A while back I mentioned how I’d found Australian interconnect company, Kordz, to be a very good deal for HDMI cables. I first stumbled across Kordz in an article in Connected Home Solutions (for which I write), which was discussing cables. David Meyer from Kordz had been interviewed and was expressing concern about the quality of some of the HDMI cables on the market.
Naturally I reserved judgement. I could see the point that cheap cables may not carry the bandwidth to support full 1080p signals with multichannel audio, but I didn’t think that this would, in the end, be a real issue.
Well, yesterday I plugged a new Blu-ray player into my system. The signal was fed via a one metre Kordz cable, to a Kordz 5-way HDMI switchbox (the receiver I’m using doesn’t have HDMI switching), and thence via a 10 metre cable to a projector. Everything worked perfectly, even with a 1080p signal at 60 hertz.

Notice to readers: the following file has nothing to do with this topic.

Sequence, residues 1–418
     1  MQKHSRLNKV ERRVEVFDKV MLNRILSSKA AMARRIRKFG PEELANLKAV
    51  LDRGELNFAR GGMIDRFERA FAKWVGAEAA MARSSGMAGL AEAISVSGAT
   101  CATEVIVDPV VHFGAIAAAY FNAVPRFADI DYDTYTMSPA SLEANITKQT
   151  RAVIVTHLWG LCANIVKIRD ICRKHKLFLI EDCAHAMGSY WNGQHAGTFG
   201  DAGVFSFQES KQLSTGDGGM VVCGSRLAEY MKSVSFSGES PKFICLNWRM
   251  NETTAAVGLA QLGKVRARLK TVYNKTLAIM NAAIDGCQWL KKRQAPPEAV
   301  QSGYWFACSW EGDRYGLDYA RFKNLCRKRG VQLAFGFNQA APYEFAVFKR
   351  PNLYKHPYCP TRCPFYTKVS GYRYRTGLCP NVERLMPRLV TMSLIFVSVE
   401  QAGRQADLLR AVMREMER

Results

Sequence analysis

But this afternoon I had to test the player with a same-brand high definition LCD TV, and it was more convenient to use a different HDMI cable to plug it in. I had a relatively inexpensive five metre one I had purchased a while back from Jaycar Electronics that I had used many times with 1080i signals, perfectly successfully. But when I connected the Blu-ray player to the screen and tried delivering a 1080/60p signal, the picture kept flashing bright white across the bottom, occasionally disappearing for an instant to be replaced by noise. The audio also dropped out.
So I switched the BD player to 1080i output, and everything was fine. Back to 1080p, and the problem was again apparent. I then swapped the cable for a three metre cable of the same make (the code numbers on the cable’s insulation were identical) and this worked fine at 1080/60p.
So there you have it: cable quality is very important with HDMI. With a cheap cable, even five metres is too long for the high bandwidth demanded by 1080p/60. The dot clock frequency for 1080/60p video is 148.5MHz, which gives an idea of the bandwidth required.
For the moment I’ll be sticking with Kordz cables.